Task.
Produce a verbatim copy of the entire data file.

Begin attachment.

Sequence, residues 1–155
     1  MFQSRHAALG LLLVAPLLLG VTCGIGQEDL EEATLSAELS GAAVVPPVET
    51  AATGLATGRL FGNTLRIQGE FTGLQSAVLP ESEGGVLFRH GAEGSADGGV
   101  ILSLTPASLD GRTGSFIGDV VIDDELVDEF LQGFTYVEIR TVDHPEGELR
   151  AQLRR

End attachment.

Sequence, residues 1–155
     1  MFQSRHAALG LLLVAPLLLG VTCGIGQEDL EEATLSAELS GAAVVPPVET
    51  AATGLATGRL FGNTLRIQGE FTGLQSAVLP ESEGGVLFRH GAEGSADGGV
   101  ILSLTPASLD GRTGSFIGDV VIDDELVDEF LQGFTYVEIR TVDHPEGELR
   151  AQLRR